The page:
New Delhi, July 1 :
The Supreme Court Tuesday declined to entertain a PIL seeking direction to the government and the CBDT to enforce the tax demand of Rs.20,000 crore on the telecom giant Vodafone as they could not turn their back on their statutory obligations.
Declining to entertain the plea senior counsel Bishwajit Bhattacharyya, a bench of Justice H.L.Dattu and Justice S.A. Bobde asked him if he had ascertained what steps the income tax department had taken to recover the tax dues in pursuance to its notice to that effect.
“Notice was issued by the tax department… did you find out what steps were taken as follow up of that notice,” the court asked as Bhattacharyya as he told the court that not enforcing the tax demand was subversion of the rule of law.
Vodafone declined to comment on the development.
Bhattacharyya told the court that government instead of enforcing the tax demand had appointed former chief justice of India R.C. Lahoti as arbitrator in the tax dispute.
As the court suggested that petitioner to find out through RTI the steps taken by the government, Bhattacharyya said that the union finance minister will not give him the documents. “They have appointed Justice Lahoti as arbitrator that shows that they have bypassed the procedure to collect the tax,” he contended.
Not persuaded by Bhattacharyya’s submissions, the court dismissed the PIL as withdrawn with liberty that he can move the court again with his plea backed by supporting documents.
Bhattacharyya’s PIL said that despite a clear liability to pay the tax, Vodafone has not paid it for the last 27 months, while the government has not shown any manifest inclination to collect the same despite a clear obligation to recover the tax.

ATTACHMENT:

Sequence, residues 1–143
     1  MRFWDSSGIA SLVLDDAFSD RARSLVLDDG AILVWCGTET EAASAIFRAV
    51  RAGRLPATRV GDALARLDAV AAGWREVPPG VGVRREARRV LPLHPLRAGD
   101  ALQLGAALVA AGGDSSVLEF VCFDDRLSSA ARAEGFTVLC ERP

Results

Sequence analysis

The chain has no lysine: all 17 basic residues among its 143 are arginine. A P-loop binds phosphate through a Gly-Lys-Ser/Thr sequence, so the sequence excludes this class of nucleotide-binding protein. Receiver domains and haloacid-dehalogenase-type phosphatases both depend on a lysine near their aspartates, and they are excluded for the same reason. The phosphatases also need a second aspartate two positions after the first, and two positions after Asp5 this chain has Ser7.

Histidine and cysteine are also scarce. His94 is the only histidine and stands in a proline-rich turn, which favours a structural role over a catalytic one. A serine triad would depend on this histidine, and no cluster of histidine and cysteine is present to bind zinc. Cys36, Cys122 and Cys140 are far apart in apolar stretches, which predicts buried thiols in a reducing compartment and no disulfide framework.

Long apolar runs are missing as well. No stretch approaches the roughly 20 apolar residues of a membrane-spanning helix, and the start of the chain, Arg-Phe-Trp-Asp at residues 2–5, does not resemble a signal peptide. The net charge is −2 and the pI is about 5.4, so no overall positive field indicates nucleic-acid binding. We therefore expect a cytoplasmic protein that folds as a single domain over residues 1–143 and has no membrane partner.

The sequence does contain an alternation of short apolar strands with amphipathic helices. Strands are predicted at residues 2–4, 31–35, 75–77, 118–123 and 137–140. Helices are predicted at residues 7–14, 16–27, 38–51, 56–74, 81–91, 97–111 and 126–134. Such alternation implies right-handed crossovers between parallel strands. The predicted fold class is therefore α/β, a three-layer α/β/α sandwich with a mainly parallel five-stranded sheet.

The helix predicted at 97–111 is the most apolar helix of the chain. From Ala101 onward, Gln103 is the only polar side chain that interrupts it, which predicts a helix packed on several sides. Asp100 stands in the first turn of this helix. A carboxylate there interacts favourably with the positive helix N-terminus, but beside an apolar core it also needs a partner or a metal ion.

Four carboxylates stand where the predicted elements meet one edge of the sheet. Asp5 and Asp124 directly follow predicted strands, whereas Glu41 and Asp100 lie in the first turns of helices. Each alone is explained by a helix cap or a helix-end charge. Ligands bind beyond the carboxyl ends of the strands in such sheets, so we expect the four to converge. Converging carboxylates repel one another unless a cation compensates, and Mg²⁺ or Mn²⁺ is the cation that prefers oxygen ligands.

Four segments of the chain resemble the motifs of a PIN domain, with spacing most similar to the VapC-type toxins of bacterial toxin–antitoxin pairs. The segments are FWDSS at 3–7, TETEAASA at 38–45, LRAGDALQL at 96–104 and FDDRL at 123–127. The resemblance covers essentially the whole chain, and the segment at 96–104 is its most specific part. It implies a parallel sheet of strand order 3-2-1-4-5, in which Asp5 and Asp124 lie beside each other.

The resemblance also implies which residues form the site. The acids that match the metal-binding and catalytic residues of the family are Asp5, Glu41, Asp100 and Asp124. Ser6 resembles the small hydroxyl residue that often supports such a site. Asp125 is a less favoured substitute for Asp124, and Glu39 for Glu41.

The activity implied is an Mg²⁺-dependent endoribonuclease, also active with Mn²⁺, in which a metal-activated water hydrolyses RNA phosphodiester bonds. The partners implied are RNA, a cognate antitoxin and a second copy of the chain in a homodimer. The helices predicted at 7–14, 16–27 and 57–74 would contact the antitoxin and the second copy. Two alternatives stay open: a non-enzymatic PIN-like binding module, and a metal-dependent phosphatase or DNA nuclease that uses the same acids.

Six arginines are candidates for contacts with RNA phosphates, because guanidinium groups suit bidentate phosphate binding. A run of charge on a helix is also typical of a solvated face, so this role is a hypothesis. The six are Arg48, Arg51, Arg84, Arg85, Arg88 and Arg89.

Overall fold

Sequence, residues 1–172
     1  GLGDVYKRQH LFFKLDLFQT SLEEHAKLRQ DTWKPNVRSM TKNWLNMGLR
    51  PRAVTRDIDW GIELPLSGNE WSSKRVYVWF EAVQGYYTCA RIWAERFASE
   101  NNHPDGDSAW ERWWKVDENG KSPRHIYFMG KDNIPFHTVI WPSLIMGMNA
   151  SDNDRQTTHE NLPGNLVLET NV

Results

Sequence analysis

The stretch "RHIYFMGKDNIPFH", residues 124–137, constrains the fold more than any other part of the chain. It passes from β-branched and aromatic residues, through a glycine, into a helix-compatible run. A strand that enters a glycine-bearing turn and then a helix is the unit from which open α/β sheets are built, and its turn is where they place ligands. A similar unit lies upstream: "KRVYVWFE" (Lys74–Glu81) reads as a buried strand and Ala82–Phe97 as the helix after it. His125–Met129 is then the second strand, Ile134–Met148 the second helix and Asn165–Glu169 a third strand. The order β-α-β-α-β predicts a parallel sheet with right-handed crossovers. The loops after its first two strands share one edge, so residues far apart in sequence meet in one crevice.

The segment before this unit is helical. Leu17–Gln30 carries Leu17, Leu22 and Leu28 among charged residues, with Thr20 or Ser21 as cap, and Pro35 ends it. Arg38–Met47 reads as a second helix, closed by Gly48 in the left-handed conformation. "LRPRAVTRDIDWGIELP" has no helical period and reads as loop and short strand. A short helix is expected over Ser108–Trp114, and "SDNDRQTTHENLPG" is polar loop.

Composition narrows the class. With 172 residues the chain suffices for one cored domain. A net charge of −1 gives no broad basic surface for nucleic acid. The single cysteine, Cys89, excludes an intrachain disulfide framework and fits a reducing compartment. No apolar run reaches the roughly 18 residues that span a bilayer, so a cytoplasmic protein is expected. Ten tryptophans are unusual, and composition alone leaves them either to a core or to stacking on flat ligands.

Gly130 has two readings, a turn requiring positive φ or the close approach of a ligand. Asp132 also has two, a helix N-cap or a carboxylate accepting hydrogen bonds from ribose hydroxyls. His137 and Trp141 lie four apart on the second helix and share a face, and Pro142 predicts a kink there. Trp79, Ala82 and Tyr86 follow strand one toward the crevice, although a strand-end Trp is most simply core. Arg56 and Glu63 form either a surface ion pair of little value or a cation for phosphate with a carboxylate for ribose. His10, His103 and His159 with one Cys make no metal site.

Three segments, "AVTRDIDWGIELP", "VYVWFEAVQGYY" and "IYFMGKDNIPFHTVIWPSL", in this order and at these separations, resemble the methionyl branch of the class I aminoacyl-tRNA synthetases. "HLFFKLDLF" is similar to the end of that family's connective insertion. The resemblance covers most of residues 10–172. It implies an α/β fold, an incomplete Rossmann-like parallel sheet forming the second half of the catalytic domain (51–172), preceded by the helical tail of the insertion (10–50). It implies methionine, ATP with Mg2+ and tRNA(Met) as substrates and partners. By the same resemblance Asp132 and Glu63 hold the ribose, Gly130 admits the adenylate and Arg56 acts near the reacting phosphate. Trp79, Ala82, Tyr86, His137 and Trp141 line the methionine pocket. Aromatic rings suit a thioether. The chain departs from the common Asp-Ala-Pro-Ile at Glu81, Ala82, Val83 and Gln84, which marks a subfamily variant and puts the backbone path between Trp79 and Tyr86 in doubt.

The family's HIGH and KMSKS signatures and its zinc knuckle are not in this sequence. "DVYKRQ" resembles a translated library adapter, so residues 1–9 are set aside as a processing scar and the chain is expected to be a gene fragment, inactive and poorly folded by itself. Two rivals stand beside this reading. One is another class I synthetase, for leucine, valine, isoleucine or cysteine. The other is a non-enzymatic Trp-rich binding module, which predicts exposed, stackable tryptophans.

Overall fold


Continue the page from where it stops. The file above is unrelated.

The tax dispute between Indian tax authorities and Vodafone is rooted in 2007 acquisition by Netherlands-based Vodafone International Holdings BV of the entire share capital of CGP Investments (Holdings) Ltd. of the Cayman Islands which in turn gave it the control of its Indian assets – Hutchison Essar Limited.
The PIL had said that Income Tax Act does not recognizes conciliation as a dispute settlement mechanism, and only provides for an appeal against its tax notices.
It further said that direct tax issue under the Income Tax Act could not be brought within the ambit of Bilateral Investment Protection Agreement (BIPA) between India and The Netherlands.
“It is a settled law that the treaty obligations (between two sovereign countries) have to be in harmony with the (prevailing) domestic legislations and cannot be in conflict with them,” the PIL had said.
The tax authorities had contended that the net result of Vodafone International Holdings BV acquiring the entire share capital of CGP Investments (Holdings) Ltd was that the ownership of HEL also changed and thus it attracted Indian tax net.
The apex court by its verdict of January 20, 2012, had over-turned the 2008 Bombay High Court verdict and held that the deals were not taxable in India as they were entered off-shore.
“We hold that the Offshore Transaction herein is a bonafide structured FDI investment into India which fell outside India’s territorial tax jurisdiction, hence not taxable,” said the apex court.
The apex court verdict had come in Vodafone’s appeal against the 2008 high court verdict, with the firm contending that India could not impose taxes because the transaction was made between non-Indian companies outside the country. The high court had upheld the tax demand.